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Texas town: No hurricane aid for those boycotting Israel

Hurricane Harvey's massive flooding destroyed tens of thousands of homes in the US [Getty]

Date of publication: 20 October, 2017

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US city is requiring applicants for aid to cope with the aftermath of Hurricane Harvey to pledge in writing that they will not take part in a boycott of Israel
A US city is requiring applicants for aid to cope with the aftermath of Hurricane Harvey to pledge in writing that they will not take part in a boycott of Israel, triggering condemnation from free speech groups.

In official application forms, the city of Dickinson, Texas, is requiring anyone asking for Hurricane Harvey rebuilding funds to fill an item titled "Verification not to Boycott Israel," which reads: By executing this Agreement below, the Applicant verifies hat the Applicant: (1) does not boycott Israel; and (2) will not boycott Israel during the term of this Agreement."

The American Civil Liberties Union criticised the city’s condition as a violation of free speech rights.

“The First Amendment protects Americans’ right to boycott, and the government cannot condition hurricane relief or any other public benefit on a commitment to refrain from protected political expression,” said ACLU of Texas Legal Director Andre Segura.

“Dickinson’s requirement is an egregious violation of the First Amendment, reminiscent of McCarthy-era loyalty oaths requiring Americans to disavow membership in the Communist party and other forms of ‘subversive’ activity.”

The city appears to be enforcing a recently passed Texas law that requires all state contractors to certify that they are not participating in boycotts of Israel.

While the ACLU does not take a position on boycotts of foreign countries, the organization said it has long supported the right to participate in political boycotts and has voiced opposition to laws and bills that infringe on the right to boycott.

Israel Anti-Boycott have collected cosponsors from across the political spectrum in the US, including right-wing and moderate Republicans as well as moderate and liberal Democrats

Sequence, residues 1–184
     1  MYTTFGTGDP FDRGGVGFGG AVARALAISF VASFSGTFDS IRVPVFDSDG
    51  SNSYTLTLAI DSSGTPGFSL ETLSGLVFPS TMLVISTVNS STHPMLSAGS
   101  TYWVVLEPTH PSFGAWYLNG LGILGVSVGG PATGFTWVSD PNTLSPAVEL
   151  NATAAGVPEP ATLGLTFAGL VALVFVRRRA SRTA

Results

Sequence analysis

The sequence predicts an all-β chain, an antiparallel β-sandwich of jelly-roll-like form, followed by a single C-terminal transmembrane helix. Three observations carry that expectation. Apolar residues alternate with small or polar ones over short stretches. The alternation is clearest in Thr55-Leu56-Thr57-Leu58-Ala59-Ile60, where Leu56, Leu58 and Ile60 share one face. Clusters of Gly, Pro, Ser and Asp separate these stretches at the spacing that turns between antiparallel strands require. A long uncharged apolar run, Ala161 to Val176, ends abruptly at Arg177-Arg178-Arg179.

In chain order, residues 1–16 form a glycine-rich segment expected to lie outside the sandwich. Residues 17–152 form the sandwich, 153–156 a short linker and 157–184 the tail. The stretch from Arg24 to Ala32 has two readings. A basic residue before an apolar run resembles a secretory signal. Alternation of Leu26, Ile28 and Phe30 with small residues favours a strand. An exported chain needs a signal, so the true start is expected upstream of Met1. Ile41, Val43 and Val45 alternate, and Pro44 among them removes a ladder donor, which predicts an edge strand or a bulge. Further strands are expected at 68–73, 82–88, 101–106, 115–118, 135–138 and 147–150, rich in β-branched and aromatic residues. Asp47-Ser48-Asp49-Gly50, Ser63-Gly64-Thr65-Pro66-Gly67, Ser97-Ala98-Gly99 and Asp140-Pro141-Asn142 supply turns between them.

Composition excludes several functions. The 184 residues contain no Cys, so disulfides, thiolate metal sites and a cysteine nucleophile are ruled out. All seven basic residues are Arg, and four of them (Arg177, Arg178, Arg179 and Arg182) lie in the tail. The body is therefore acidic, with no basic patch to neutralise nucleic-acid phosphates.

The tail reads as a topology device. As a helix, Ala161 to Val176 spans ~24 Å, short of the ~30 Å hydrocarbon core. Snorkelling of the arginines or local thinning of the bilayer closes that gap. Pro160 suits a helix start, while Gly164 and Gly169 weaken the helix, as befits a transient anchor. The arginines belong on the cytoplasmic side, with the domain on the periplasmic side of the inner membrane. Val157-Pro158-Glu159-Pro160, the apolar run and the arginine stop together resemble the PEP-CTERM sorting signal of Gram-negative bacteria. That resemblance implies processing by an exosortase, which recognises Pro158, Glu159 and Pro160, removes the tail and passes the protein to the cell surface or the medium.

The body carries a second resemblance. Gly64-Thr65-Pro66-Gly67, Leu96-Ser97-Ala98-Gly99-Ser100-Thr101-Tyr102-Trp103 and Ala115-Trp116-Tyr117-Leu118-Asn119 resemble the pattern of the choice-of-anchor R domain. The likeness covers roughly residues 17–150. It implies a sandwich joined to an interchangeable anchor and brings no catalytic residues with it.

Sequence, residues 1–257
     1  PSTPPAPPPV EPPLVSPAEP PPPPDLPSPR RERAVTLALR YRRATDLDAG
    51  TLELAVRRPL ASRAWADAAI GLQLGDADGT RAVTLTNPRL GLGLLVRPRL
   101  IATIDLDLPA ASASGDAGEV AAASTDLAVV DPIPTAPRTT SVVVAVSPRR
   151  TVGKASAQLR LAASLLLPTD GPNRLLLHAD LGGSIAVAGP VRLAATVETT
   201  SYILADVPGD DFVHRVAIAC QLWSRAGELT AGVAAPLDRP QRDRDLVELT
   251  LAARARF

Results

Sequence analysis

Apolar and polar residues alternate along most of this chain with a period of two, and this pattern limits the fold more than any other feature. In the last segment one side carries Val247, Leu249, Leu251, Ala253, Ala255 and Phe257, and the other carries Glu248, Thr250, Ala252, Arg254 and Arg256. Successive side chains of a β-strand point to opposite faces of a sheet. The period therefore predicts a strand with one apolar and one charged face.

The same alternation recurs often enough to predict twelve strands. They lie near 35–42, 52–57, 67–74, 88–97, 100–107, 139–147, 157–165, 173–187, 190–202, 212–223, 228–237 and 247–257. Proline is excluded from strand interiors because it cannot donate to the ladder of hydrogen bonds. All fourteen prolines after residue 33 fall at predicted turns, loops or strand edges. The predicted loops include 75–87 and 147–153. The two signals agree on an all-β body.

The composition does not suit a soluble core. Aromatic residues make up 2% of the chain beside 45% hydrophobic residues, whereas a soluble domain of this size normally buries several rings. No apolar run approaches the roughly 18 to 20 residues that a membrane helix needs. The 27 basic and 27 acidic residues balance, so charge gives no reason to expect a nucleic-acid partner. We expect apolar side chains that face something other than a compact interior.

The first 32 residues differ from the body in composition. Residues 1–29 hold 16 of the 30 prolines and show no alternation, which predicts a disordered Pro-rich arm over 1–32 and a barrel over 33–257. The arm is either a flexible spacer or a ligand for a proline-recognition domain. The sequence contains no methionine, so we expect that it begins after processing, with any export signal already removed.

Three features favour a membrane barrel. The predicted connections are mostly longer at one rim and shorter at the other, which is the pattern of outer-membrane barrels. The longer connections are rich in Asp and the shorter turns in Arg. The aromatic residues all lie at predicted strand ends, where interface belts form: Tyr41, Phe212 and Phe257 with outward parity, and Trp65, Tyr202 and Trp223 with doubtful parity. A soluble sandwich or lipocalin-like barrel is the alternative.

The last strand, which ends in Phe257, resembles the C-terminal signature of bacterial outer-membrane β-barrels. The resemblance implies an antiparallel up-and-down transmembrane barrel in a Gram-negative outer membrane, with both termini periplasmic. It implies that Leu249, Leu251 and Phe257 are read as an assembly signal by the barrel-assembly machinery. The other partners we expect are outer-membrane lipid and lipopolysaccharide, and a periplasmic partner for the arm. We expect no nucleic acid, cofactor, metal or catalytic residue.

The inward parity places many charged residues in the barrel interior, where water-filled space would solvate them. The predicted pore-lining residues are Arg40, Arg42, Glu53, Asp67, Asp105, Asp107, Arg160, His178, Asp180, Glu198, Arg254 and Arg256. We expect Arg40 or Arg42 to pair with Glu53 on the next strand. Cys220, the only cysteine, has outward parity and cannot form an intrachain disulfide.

Criminalising BDS

The ACLU statement continued: "The Supreme Court ruled decades ago that political boycottsare protected by the First Amendment, and other decisions have established that the government may not require individuals to sign a certification regarding their political expression in order to obtain employment, contracts, or other benefits."

On October 11, the ACLU filed a federal lawsuit challenging a Kansas law on behalf of a high school math teacher who is being required by the state to sign to certify that she won’t boycott Israel if she wants to take part in a teacher training program.

In July, the ACLU sent a letter to members of Congress opposing a bill that would make it a felony to support certain boycotts of companies doing business in Israel and its settlements in the occupied Palestinian territories. 

The Senate bill, Israel Anti-Boycott Act (S.720), was introduced in the US Senate by Democratic Senator from Maryland Benjamin Cardin on 23 March 2017. The bill's number of cosponsors has been rising steadily since then, reaching 46 currently; 32 Republican and 14 Democratic Senators, which constitutes close to half the Senate.

A similar bill, the Israel Anti-Boycott Act (H.R.1697) was also introduced in the US House of Representatives on the same day by Peter Roskam, Republican Representative of Illinois's 6th District. The House bill has 249 cosponsors; 185 Republicans and 64 Democrats, constituting close to 60 percent of the House.

The bills were introduced at the time of the annual conference of the powerful pro-Israel lobbying group the American Israel Public Affairs Committee (AIPAC) in March, and match one of its lobbying agenda items for 2017. The bills are even said to have been drafted with the help of AIPAC. 

Israel Anti-Boycott have collected cosponsors from across the political spectrum in the US, including right-wing and moderate Republicans as well as moderate and liberal Democrats. The support that this proposal enjoys confirms AIPAC's powerful position in Washington, where this might be the lone instance of bipartisanship in US Congress.

Israel sees the Boycott, Divestment, and Sanctions (BDS) movement as a strategic threat and accuses it of anti-Semitism. The state recently passed a law banning BDS supporters from entering Israel.

The BDS movement, which denies any accusations of anti-Semitism and says this is a ploy used by Israel, calls for a global boycott of Israel, among other demands, until the country withdraws from all occupied Palestinian territories.

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